Here at The Reform Shuckle, I pride myself on always bringing you, my dear readers, the best and latest in not liking ArtScroll.

Today, someone with a blog called “⒜ Ⅎℜℹ℮ℕ∂ﬥⓎ ⓓⓞⓢⓔ ◕∫ ✡” (no, I can’t decipher that either) posted about not liking ArtScroll. She (?) linked to a post of mine, saying, “I really do hate that ArtScroll is under the impression that women need a separate siddur.” Me too, fellow blogosphite, me too.

She also points out a 2007 Jewschool post called “Warning: Artscroll Women’s Siddur,” which includes a lovely lambasting of the ArtScroll women’s siddur by the Jewish Orthodox Feminist Alliance that I had not read before. It’s quite good.

And there’s mention of this, from On the Contrary:

ArtScroll wants to have their cake and eat it, too. They’ve created an entirely new genre, an entirely new custom for women’s prayer, and taken it upon themselves to present complex and disputed issues in a one-sided manner, ignoring age-old customs and halakhic positions, and yet market the thing as though it’s something that your alter bubbedavened from.

Check out the full post about not liking ArtScroll (and about liking Koren, also an important topic around here!)

There hasn’t been anything new at What’s Bothering ArtScroll in ages, but it’s always worth a look–if for the name alone more than anything else!

New Koren, future Korens

My new personal size, softcover Koren Talpiot, with some girl’s Blackberry for size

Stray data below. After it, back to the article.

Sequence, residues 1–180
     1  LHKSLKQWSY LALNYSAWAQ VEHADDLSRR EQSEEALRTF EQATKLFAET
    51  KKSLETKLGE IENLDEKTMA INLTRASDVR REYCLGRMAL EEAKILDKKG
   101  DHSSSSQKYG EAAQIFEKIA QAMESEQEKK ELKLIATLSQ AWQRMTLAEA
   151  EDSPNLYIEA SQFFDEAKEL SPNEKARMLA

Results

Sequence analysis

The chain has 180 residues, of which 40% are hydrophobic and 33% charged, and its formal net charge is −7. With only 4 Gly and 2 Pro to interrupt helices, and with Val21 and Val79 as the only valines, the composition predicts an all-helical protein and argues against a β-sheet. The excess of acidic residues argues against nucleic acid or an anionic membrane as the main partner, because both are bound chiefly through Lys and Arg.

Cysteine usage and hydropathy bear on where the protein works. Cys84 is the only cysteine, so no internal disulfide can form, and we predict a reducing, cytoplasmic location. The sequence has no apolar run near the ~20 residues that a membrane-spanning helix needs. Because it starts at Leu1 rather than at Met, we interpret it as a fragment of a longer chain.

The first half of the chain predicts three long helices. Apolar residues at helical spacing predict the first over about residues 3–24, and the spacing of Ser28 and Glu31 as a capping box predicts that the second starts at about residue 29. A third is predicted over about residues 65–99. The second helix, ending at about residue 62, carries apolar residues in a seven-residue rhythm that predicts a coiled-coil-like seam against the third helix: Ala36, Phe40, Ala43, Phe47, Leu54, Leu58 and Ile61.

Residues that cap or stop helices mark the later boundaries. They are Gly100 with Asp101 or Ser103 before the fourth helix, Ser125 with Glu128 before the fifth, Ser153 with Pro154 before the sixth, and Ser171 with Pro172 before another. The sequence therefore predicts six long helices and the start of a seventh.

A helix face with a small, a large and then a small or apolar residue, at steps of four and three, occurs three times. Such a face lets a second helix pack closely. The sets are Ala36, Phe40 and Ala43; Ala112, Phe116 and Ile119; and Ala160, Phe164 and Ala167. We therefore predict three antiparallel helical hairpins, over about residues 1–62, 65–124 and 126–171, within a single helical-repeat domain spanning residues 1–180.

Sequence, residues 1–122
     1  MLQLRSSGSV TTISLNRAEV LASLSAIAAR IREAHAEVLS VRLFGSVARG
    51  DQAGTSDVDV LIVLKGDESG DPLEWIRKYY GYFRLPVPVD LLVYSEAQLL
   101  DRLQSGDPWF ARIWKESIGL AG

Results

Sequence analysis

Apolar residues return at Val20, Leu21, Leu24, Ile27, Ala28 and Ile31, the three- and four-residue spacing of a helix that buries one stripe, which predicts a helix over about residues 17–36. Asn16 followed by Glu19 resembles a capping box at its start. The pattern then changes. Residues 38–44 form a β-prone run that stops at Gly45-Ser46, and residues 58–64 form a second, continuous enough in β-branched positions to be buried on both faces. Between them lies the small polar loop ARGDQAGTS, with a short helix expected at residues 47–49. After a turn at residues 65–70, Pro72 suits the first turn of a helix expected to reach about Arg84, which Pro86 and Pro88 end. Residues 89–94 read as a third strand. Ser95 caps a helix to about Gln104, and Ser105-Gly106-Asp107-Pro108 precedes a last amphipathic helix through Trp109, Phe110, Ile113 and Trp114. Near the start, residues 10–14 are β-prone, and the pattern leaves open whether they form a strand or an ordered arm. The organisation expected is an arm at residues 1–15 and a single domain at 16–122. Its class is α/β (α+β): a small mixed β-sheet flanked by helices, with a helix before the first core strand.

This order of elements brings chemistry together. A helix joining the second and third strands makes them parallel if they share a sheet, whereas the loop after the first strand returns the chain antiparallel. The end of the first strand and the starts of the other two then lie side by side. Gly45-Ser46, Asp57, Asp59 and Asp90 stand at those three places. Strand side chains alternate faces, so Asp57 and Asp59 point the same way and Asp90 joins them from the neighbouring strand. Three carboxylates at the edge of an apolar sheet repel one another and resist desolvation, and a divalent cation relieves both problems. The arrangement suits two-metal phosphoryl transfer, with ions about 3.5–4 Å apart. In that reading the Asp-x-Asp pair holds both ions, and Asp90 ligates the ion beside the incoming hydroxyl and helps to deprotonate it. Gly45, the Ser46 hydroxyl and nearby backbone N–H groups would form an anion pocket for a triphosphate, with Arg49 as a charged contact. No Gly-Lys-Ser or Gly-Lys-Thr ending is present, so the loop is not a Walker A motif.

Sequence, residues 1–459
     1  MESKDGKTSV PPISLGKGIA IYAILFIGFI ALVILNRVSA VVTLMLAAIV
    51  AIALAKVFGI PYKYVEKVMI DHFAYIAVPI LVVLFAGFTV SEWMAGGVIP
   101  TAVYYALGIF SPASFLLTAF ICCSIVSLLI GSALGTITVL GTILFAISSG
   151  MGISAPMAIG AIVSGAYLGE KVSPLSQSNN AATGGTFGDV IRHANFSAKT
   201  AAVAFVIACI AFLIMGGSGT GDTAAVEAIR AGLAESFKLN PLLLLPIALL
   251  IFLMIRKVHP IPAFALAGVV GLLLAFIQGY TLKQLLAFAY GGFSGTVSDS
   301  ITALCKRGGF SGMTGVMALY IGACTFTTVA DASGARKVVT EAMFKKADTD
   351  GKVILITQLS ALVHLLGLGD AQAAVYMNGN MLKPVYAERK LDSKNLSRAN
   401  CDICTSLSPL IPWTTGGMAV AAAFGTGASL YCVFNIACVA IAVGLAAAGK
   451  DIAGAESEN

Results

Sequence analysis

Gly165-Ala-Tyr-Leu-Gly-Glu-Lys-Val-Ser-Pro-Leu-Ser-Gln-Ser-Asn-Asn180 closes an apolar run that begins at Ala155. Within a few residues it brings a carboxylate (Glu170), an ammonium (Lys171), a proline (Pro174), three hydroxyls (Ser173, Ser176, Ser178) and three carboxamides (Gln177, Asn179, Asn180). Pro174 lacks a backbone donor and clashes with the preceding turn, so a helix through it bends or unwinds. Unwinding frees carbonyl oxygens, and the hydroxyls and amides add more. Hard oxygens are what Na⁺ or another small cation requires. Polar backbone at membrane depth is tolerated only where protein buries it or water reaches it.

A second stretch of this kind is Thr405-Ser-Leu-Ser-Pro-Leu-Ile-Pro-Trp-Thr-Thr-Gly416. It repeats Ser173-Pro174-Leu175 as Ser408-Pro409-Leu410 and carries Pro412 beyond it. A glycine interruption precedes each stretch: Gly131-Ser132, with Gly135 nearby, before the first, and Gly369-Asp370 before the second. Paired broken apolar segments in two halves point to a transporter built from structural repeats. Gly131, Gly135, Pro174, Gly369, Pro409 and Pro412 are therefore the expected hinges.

I just got my new Koren Talpiot Siddur. This edition is new to me, though it was originally published last year. I’ll start by talking about this edition in particular, and continue with some speculations about where Koren’s English offerings seem to be headed.

Baruch She'amar is always my favorite page in a Koren Siddur. Of course, KTS preserves the usual elegant Koren fonts and layout from the original Israeli editions. KTS, however adds English instructions, as you can see at the top right.

The Koren Talpiot Siddur varies from the more common Koren Sacks Siddur (more on KSS from me) in that it provides no commentary and no translation, though the content of the prayers is the same as KSS. The familiar Koren fonts and layout are, of course, intact. Though it doesn’t have commentary or translation, KTS has English introductions, halachic guides to the year and to visiting Israel and so forth–in short, the same appendixes Koren Sacks has. It’s meant for an English-speaking Diaspora audience that is comfortable enough with liturgical Hebrew that it doesn’t need translation, but still wants minimal English instructions. I’m not sure if I quite fall in that camp, but I’m planning a road test of KTS for Friday night, so we’ll see how that goes.

Oh, hey, Koren. You've lost weight.

Because it doesn’t have translations or commentary, it is noticeably slimmer than most American siddurim. The page size of the personal size edition I got is the same as my Koren Sacks, but KTS ends up about twice as slim, making it a perfect size, as far as I’m concerned. It also reminds me of the most notoriously small of the pocket size Israeli Korens. (I mean, it’s not as skinny as those Israelis are, but… this joke is going nowhere.)

However, as you can see in the photo of the spine to the right and in the photo of the cover below, the gold printing has been offset–and not because it looks cool. This is a little disappointing coming Koren, from whom we usually expect excellence in design. I don’t mind it on my copy because it adds character, but it was pretty surprising to see such a production error from Koren.

You can see the sturdy, but flexible cover as well as the mistake with the offset gold printing